County Reaches Compromise With Feds Over Road Access In Mojave Preserve

The county of San Bernardino last week concluded a settlement with the federal government and three environmental groups over road access to remote areas in the Mojave National Preserve.
In 2006, the county filed a “quiet title” suit against the federal government to preserve access over what were then 14 county-maintained roads within the preserve. The federal government had moved to take over authority of the roads and the county claimed that the roads maintained by the county which are adjacent to the Mojave National Preserve are permanent and protected rights-of-way under Revised Statute 2477, part of the Mining Act of 1866, which allowed construction of roads across public lands. Revised Statute 2477 was repealed in 1976 and replaced with the Federal Land Policy and Management Act, which subjects the county to extensive environmental review and regulatory costs when it is invoked on county roads not established or authorized under Revised Statute 2477 before it was repealed. The county had not secured official acknowledgment or documentation of the Revised Statute 2477 rights from the Department of Interior, despite efforts to do so. Consequently, it filed suit to force the issue.
At the heart of the dispute was whether the public would continue to be able to reach land where many endangered or sensitive forms of wildlife existed.
The National Parks Conservation Association, Sierra Club and Center for Biological Diversity joined the suit in support of the federal government, as part of an effort to prevent the county from creating a situation in which wildlife would be harmed.
Proposals and counterproposals from both sides failed for nearly six years to reach an acceptable middle ground. Last week, the federal government agreed to maintain at a cost of $53,000 annually all of the existing roads in the preserve under a rubric worked out between the county and the environmental groups that calls for the county to maintain ownership of two roads on public lands bordering the preserve that were used for travel before 1976 along with eight other roads within the preserve. The county agreed to the closure of four other roads in the preserve which encroach on areas where the environmental groups say species such as Joshua trees and desert tortoises are threatened.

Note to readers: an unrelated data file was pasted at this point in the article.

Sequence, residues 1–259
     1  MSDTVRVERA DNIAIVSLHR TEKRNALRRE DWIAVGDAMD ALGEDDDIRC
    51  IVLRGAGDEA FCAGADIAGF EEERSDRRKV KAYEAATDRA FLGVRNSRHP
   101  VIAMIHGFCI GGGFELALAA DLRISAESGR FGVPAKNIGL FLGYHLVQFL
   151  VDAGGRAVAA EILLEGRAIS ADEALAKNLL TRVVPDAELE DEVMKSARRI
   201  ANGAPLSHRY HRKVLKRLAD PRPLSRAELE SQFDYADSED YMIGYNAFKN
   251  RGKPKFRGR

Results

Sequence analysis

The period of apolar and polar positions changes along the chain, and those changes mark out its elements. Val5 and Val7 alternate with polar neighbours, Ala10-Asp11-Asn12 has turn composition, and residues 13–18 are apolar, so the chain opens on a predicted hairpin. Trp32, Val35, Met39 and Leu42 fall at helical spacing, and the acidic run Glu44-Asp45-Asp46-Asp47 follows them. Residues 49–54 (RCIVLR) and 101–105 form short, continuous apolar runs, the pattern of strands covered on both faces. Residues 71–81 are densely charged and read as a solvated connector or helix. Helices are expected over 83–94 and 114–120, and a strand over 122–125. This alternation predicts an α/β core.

The county entered into the settlement over the protest of supervisor Brad Mitzelfelt, in whose First District the preserve is located. Mitzelfelt indicated he did not believe the National Park Service would adequately fund the road maintenance program. “Based on my own conversations with the Park Service, I have little confidence that they will be appropriated enough funding to properly maintain and improve those roads,” Mitzelfelt said.  “As far as a process to prevent arbitrary closure of roads, such a provision exists in the settlement.  But I fear the Park Service will simply go through the public process and consultations with the county and attempt to close roads anyway based on lack of funds.”

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